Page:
The Class of 2024 is starting college at an unsure time, and with new student orientation going remote, the University made a platform so they wouldn't get lost in the shuffle.
“I wouldn't say that I'm not worried, but I do think that, as long as people continue taking the precautions that they should be taking, I do think its spread can be limited.”
The lecture featured UNC class of 1985 graduates Tim Sullivan, former CEO of Ancestry, and John Wilson, an Emmy Award-winning documentary filmmaker and UNC associate professor. The two reminisced on their time at UNC, how their careers progressed and how students should take advantage of the opportunities presented to them.
Chris Suggs, a UNC student and president of Black Student Movement, began Kinston Teens years ago to support youth in his community.
The UNC-System Board of Governors met Friday and passed a resolution addressing the General Assembly's budget impasse.
What if your daily Meantime coffee run could have an international impact? The Meantime Coffee Co. is donating this week's profits to the Australian Wildfire Fund.
Some campus members weigh in on the open meetings suit the DTH filed against the Board of Governors last week — including an explanation of the Open Meetings Law and its importance.
Lambda hasn't published for the last five years, but UNC students are starting the LGBTQ+ publication back up this year.
The New York Times recently ran an article about efforts to suppress the student vote at universities nationwide. As election day draws near, some students are concerned that this trend extends to UNC, as well. Specifically, a concern students have at UNC is the possibility that One Cards may not be valid forms of identification by the Nov. 15 deadline. The University said it is working closely with the UNC System and State Board of Elections to meet the deadline. While some students think UNC does enough to make voting easy for students, others worry that missing the One Card deadline could negatively impact turnout.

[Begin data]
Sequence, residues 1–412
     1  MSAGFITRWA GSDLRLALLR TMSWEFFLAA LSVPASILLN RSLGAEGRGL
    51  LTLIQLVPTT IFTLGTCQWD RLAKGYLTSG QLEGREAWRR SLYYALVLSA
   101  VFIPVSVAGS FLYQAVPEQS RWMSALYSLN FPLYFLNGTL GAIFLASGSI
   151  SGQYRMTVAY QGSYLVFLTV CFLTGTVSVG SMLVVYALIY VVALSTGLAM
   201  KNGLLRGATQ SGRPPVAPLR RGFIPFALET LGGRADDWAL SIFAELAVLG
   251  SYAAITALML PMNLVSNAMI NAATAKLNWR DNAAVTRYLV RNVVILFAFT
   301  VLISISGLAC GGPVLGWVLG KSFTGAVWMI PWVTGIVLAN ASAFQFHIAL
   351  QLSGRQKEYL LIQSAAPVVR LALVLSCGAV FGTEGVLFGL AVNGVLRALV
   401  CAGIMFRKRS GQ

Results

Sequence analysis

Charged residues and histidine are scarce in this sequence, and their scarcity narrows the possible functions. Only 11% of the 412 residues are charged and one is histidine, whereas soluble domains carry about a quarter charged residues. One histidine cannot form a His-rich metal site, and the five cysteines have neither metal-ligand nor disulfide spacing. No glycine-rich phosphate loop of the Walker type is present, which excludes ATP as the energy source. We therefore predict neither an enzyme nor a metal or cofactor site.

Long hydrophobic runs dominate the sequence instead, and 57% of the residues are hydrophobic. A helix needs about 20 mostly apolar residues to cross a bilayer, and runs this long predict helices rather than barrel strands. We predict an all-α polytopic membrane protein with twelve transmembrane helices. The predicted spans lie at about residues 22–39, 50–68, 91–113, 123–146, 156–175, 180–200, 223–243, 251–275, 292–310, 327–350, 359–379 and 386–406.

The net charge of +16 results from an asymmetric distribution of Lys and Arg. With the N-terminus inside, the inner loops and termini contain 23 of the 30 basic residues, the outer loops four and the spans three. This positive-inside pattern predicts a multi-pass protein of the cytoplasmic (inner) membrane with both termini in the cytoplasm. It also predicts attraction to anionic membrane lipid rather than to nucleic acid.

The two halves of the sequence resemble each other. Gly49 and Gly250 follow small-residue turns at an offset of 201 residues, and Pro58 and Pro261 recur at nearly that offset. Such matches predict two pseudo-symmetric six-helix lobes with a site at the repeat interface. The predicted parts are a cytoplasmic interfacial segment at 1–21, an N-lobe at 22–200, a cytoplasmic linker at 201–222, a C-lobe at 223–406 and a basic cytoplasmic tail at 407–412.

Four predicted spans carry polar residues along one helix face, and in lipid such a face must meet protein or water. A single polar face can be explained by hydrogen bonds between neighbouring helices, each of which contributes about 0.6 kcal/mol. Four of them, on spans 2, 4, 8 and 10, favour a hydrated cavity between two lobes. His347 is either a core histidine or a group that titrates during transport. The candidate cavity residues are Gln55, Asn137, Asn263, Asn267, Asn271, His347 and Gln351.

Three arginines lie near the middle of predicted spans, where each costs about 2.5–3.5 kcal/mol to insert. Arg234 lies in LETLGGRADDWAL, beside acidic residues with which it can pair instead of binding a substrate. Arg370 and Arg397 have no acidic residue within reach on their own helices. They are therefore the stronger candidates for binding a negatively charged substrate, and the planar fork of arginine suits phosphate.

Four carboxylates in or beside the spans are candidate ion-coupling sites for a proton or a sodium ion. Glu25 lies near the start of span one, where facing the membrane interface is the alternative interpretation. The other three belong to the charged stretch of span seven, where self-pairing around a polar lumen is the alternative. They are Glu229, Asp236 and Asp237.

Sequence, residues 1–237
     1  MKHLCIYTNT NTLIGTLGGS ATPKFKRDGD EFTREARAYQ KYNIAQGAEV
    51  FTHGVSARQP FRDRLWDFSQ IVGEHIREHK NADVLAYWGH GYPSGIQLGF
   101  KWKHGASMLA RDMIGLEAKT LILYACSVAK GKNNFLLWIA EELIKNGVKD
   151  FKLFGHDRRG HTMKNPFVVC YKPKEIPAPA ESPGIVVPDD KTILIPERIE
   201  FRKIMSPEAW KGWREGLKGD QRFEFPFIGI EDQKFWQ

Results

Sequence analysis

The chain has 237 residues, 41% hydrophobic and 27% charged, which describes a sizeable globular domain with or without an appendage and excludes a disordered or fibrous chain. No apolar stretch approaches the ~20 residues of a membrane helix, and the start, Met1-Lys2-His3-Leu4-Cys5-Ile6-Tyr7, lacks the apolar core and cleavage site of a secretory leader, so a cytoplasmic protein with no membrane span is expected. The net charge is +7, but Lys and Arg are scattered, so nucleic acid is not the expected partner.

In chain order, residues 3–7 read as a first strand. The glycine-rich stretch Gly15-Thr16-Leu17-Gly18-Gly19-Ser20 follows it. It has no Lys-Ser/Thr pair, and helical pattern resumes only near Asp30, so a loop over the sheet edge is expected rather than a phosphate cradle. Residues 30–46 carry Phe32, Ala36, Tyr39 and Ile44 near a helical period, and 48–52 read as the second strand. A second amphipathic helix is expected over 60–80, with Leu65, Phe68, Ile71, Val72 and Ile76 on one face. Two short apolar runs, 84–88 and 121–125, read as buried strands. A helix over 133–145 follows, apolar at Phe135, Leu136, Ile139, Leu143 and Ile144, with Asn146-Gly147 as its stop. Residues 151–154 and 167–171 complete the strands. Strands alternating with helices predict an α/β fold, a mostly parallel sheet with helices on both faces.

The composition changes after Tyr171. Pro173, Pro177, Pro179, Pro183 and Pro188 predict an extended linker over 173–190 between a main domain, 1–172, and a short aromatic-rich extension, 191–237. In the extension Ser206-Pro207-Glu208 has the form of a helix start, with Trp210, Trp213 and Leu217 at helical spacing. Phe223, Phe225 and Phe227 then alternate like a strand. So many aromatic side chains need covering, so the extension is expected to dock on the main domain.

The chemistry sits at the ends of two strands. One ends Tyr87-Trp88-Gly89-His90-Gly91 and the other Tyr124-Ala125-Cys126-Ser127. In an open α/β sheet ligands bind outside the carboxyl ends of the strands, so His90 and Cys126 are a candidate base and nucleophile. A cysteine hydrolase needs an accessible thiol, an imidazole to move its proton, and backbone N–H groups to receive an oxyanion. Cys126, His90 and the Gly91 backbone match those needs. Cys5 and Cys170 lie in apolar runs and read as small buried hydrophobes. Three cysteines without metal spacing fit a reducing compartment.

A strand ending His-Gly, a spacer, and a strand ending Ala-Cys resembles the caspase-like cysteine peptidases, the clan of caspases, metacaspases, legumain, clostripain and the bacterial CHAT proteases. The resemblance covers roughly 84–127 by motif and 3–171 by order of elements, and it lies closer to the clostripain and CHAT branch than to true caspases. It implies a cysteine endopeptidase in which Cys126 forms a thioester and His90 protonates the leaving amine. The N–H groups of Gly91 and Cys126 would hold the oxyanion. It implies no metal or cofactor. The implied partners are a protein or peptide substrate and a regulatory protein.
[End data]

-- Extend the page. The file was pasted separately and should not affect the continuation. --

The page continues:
Campus Safety Commission meetings have been in session over the last two months to give students, faculty and staff the opportunity to discuss their concerns with being safe on campus. Since it convened it April, there have been 13 listening sessions with some being geared toward specific communities on campus. But while the premise of bringing together stakeholders from the University together seems like a step in the right direction, some have said the goal is undermined by poor publicity and attendance.